ICT is expected to be among the fastest growing sectors in manufacturing, driven by accelerating digitalisation and industrial automation
Short-term outlook: strengths and growth drivers
- Resilient sector performance: ICT businesses have largely expanded production and sales during the pandemic. In 2021, main subsectors recorded double-digit output growth rates: computers up 14.2%, electronic components up 19.6% and telecommunications up 10.4%.
- Financial strength: The profit margins of ICT businesses have increased in many key markets, and most companies have been able to pass on higher prices for semiconductors to end-customers so far.
- Chip availability: While semiconductor supply still remains tight for the time being, the worst of the chip shortage seems to be over because chip producers are increasing supply. Major investments to ramp up chip production as of 2024 are underway. Output growth of chip-consuming sectors such as computers, telecommunications equipment and consumer electronics should accelerate again in 2023.
Short-term outlook: downside risks
- Persistent high inflation and interest rates: Longer-lasting high inflation in the US and in Europe could further erode real incomes, leading to decreasing sales of consumer electronics. Sharply rising interest rates and deteriorating investor sentiment could weigh on ICT investments of businesses in other industries.
- Long Covid: Another wave of the pandemic and subsequent lockdowns could negatively affect ICT investments from businesses and consumers alike. Ongoing lockdowns in China due to Beijing´s zero-Covid policy could severely impact ICT supply chains around the globe.
- War in the Ukraine: Ukraine is the world’s largest producer of semiconductor-grade neon (a bi-product from steelmaking). While silicon remains the primary component of chips, neon gas is highly utilized in the etching of silicon A longer-lasting war could lead to neon gas shortages if chipmakers are unable to source key raw materials from elsewhere. This would impact (still strained) semiconductor production and supply.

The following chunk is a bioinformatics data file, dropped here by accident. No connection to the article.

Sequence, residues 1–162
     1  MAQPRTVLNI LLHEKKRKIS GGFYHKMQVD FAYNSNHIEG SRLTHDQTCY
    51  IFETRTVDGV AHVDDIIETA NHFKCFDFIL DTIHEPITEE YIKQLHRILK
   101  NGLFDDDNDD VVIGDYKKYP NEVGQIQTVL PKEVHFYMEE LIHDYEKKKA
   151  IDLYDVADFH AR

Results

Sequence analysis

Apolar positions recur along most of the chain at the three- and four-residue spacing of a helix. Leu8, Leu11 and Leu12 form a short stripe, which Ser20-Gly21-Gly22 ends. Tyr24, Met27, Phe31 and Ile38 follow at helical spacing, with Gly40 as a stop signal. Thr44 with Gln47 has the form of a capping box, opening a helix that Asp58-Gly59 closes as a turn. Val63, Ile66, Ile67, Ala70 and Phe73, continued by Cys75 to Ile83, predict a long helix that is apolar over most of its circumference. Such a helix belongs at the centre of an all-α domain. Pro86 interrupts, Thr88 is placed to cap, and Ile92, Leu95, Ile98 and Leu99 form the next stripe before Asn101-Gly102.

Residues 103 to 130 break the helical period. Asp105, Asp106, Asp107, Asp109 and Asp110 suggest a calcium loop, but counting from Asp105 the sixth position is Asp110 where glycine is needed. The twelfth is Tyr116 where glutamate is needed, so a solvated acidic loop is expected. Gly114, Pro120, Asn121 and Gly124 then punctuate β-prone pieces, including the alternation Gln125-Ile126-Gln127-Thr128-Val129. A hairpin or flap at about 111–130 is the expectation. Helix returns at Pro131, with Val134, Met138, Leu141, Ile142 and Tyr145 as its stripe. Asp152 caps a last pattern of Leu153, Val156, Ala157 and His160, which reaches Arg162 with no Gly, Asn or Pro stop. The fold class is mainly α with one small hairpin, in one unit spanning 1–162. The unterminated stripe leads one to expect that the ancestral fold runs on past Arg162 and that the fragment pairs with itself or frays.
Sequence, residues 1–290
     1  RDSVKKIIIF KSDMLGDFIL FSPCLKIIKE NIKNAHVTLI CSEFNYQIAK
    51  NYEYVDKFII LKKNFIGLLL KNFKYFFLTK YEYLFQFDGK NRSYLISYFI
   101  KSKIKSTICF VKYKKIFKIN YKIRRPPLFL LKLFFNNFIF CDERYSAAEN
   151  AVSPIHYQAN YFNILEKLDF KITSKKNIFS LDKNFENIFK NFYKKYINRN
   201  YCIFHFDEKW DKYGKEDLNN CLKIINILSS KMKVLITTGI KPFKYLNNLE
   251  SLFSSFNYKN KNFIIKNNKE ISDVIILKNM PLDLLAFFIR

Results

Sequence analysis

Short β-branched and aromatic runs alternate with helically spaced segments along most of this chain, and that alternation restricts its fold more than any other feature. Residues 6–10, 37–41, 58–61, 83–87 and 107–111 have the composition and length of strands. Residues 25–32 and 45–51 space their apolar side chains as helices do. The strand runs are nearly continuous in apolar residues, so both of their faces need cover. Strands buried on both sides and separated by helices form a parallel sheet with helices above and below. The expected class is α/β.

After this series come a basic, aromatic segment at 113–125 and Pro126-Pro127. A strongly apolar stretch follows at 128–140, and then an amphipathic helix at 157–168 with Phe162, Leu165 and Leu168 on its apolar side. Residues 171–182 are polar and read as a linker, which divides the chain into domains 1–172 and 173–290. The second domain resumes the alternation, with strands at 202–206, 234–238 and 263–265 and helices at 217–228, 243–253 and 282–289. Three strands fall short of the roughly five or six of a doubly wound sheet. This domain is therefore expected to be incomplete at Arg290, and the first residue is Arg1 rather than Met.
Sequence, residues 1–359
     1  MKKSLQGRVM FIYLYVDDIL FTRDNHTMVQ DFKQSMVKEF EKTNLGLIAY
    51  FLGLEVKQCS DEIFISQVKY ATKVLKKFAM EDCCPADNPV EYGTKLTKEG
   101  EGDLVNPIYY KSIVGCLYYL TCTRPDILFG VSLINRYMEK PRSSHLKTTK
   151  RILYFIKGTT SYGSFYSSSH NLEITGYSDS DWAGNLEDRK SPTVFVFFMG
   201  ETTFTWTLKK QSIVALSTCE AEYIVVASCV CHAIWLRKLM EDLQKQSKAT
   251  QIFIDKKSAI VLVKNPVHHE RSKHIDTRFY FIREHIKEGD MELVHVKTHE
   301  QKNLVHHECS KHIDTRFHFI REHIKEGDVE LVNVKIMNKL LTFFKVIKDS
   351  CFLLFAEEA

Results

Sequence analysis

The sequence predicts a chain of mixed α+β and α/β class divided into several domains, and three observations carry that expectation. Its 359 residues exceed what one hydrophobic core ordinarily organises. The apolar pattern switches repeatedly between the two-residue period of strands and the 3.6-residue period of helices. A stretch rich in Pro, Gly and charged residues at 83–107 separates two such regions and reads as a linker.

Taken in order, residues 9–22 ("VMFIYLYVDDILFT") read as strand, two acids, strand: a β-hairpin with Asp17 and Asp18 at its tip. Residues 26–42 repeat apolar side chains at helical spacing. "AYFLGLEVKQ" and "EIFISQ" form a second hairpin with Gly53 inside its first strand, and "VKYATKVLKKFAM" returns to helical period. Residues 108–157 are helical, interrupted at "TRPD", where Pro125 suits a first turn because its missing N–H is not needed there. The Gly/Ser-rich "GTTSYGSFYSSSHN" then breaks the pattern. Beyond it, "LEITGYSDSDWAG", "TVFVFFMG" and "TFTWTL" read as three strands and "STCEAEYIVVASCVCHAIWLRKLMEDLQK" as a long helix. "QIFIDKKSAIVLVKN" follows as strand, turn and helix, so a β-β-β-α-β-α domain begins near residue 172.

Mid-and long-term outlook: strengths and growth drivers
- High-tech expansion. ICT electronics is an innovative and technology-driven industry. In particular, the semiconductor segment is highly value-added -- and provides robust margins for manufacturers. Expanding semiconductor production is a strategic target in both the US and the EU. US Congress recently passed a “Chips Act” worth USD 52 billion in order to prop up domestic leading edge semiconductor production. In February 2020, the EU Commission announced it will invest a total of EUR 45 billion in chip-related R&D, infrastructure and production until 2030.
- Solid future growth rates. Over the coming years, ICT/electronics performance prospects are benign. The industry is expected to be among the fastest growing sectors in manufacturing, driven by accelerating digitalisation, industrial automation, and increased demand for semiconductors from new growth segments like electric vehicles.
Mid- and long-term outlook: constraints and downside risks
- Market saturation. In some advanced economies, the market for certain ICT products (e.g. personal computers, tablets and smartphones) is nearing saturation, which affects growth prospects.
- US-China tensions. Trade issues have spilled over to technology, with both the Trump and Biden administrations imposing regulations to prevent Chinese companies from acquiring US semiconductor manufacturing technologies and equipment. Both sides, meanwhile, perceive high-tech leadership as a strategic asset. A further deterioration of the Sino-US relationship could negatively affect global ICT/electronics supply chains and potentially lead to technological divergences (e.g. in the 5G deployment) and lower productivity.
- Taiwan issue. Given the global importance of Taiwanese semiconductor production, an escalation of the current tensions in the Taiwan Strait could severely affect chip supply for chip-consuming ICT segments and other industries across the world.